Seven mental models for UX Writing

Mental models to help you mature your work and deliverables.

The image contains a picture of the original article’s writer, who’s a white woman with short dark hair, and the name of the article in Portuguese, its original language: Sete modelos mentais para UX Writing.

This article is part of the UX Translations series. It was originally written in portuguese by Camila Gaidarji via UX Collective 🇧🇷 and was translated to english with the intention of helping more designers and reaching an even wider audience. You can check the original article at the link below:

Sete modelos mentais para UX Writing

User experience areas are increasingly on the rise. Many companies say they need this professional, and many professionals are training.

I migrated from advertising to UX in 2020, so I came here to share the most important experiences in my work process.

1. UX Writing is business

Like all occupations within a company, UX Writing exists because the market has a demand and the products/services need a better experience. Not only visual, but also written.

There is a lot of talk about using user experience to change people’s lives, to be more empathetic, to change everything. But if we put our feet on the ground:

The role of the UX Writer is to know how to combine the company’s positioning and objective with the user’s need and semantics.

Two Google hotel searches: the first has the CTA “Book a room”. The second has “Check availability”.
Image via Instagram:

Google got 17% more engagement by changing “Book a room” to “Check availability”.

The user was probably anxious and believed that in the first version he would already be committing to the booking.

If we look at the whole process, the user didn’t even enter the site yet, nor read information about the hotel or location. The user is just searching. The phrase change makes perfect sense with the navigation flow and information architecture.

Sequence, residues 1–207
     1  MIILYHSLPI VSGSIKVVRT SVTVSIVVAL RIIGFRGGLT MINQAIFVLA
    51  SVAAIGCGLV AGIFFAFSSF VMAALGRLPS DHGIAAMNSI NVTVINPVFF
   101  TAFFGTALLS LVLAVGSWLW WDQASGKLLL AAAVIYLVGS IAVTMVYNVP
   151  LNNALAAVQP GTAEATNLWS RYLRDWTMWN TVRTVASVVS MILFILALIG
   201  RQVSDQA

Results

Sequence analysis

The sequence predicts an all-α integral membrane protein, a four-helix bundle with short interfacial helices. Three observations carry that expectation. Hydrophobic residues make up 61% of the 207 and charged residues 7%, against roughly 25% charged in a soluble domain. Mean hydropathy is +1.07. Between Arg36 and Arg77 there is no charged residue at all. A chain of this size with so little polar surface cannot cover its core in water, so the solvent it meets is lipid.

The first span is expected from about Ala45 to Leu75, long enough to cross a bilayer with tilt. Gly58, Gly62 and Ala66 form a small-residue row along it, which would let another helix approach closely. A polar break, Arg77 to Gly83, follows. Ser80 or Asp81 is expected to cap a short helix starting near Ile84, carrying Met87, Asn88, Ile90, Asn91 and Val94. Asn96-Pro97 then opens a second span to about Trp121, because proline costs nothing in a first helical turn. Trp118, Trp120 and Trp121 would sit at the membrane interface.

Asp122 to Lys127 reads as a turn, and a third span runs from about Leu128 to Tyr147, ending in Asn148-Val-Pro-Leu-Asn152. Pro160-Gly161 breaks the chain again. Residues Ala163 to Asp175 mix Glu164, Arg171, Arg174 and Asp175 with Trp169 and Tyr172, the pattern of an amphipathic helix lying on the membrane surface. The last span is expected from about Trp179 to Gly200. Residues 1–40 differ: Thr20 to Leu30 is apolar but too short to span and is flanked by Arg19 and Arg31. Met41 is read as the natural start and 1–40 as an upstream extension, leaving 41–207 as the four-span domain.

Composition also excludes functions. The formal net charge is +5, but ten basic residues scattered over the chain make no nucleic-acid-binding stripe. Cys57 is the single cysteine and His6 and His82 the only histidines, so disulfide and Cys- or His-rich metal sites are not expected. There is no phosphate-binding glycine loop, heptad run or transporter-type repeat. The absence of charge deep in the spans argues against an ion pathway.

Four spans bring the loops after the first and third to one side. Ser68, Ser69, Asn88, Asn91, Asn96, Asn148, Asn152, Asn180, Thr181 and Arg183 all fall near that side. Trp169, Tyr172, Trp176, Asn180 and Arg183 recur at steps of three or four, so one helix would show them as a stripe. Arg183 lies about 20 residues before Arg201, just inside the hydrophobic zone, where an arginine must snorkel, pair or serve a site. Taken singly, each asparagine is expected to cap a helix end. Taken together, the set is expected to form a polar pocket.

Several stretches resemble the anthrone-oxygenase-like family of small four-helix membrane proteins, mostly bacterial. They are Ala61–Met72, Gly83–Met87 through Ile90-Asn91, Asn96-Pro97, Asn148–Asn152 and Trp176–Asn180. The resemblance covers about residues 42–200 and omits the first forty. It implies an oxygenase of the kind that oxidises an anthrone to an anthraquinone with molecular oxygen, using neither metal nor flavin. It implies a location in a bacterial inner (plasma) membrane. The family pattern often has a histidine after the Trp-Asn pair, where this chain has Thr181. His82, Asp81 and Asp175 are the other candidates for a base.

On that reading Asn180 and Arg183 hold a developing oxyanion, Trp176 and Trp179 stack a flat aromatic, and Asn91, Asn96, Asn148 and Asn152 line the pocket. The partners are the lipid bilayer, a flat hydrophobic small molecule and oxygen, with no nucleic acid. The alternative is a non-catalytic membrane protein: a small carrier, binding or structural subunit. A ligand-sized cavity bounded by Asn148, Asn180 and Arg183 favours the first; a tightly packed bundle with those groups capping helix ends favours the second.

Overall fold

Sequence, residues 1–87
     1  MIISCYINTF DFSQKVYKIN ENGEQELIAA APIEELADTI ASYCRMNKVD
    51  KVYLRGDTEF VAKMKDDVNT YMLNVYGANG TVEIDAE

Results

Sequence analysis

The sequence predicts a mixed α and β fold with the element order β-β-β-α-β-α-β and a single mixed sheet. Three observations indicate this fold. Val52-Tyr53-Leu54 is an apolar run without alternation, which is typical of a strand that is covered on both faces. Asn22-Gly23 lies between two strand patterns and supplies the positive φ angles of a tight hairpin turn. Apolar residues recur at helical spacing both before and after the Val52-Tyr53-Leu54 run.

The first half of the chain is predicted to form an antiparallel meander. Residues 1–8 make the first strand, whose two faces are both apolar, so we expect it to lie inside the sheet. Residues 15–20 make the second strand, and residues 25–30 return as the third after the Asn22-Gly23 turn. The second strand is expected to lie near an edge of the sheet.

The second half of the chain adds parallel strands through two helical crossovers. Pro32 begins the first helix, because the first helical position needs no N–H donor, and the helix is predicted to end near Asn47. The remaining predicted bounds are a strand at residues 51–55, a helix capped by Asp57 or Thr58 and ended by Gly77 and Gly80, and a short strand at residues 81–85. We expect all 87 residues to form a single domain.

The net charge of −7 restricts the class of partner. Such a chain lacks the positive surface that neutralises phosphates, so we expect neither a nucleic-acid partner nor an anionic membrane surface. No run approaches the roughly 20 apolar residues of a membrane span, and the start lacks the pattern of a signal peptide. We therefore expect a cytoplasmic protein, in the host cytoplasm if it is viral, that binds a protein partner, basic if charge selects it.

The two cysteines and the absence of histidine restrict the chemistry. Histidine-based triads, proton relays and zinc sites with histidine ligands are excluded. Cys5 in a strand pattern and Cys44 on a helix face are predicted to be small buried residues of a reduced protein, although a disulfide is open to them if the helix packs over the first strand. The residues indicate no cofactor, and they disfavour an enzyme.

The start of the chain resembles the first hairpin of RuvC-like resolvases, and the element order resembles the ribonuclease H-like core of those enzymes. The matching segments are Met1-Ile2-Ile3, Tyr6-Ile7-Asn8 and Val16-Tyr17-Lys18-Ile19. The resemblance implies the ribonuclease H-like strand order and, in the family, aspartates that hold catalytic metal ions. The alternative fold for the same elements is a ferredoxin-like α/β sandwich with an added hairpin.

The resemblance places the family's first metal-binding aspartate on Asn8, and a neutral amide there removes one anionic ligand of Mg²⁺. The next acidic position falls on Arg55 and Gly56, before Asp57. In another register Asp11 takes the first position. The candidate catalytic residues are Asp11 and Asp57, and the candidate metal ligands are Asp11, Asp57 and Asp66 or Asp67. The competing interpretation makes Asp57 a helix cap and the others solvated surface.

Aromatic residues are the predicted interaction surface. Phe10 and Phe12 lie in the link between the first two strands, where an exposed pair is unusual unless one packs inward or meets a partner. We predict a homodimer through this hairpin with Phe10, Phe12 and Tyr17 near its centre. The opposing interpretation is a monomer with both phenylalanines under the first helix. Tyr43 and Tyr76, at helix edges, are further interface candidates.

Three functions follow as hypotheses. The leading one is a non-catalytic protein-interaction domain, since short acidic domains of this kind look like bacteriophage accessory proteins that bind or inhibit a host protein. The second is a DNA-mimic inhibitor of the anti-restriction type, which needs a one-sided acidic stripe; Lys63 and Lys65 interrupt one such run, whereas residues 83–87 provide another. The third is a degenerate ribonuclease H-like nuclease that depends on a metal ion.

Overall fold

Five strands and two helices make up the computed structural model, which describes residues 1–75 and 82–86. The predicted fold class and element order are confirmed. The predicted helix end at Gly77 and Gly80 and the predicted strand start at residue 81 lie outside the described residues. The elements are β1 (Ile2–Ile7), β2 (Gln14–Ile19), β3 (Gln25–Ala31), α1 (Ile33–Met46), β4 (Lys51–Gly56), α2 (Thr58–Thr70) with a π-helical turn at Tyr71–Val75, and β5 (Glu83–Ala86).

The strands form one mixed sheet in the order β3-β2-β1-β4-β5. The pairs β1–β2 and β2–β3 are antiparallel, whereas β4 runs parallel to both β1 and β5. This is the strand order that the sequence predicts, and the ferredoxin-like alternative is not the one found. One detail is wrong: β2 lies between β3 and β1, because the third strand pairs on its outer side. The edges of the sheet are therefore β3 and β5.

2. You won’t always write in a funny, cool or super light way

With more and more applications and products from outside Brazil delving into UX Writing, we see many fun interactions through language: Slack, Spotify, Nubank, Mailchimp and many others.

Here we put our feet on the ground: this language does not always make sense in the brand you work on. And it doesn’t even make sense to the user who will read your text.

The role of the UX Writer is to make the interaction useful and guiding, in a way that the user has no doubts about what they are doing or need to do. All of this within the brand’s tone of voice.

Two images: the first shows a party popper emoji and the copy “Ta-da! You’re up to date.”. The second shows an attention icon and the copy “There’s been a glitch. We’re not quite sure what went wrong. You can go back, or try looking on our Help Center if you need a hand.”
Image via Google

Now answer:

Which company would you say this communication is from?

From a government page? From a sports brand? From Apple?

Even if I don’t show the brand, some sectors don’t even cross our minds. Because tone of voice makes all the difference in UX Writing.

Communication is from Slack.

3. UX Writing is not just about reducing text or using few words

“But why did your change make the text bigger?”

  • Because the user needs more instruction to perform the task.
  • Because some business rule prevents a simpler explanation.
  • Because a sentence solves the problem that a single word would not…

The role of the UX Writer is not just reducing text and turning everything into a button. It’s solving problems by aligning the text with the design we’re delivering to the user.

This text by Yael Ben-David talks about exactly that and also about the myth that people don’t read, when, in fact, they read everything that is useful for them to achieve their desired goal.

Less is not always more

4. UX Writing changes UX/UI Design, yes!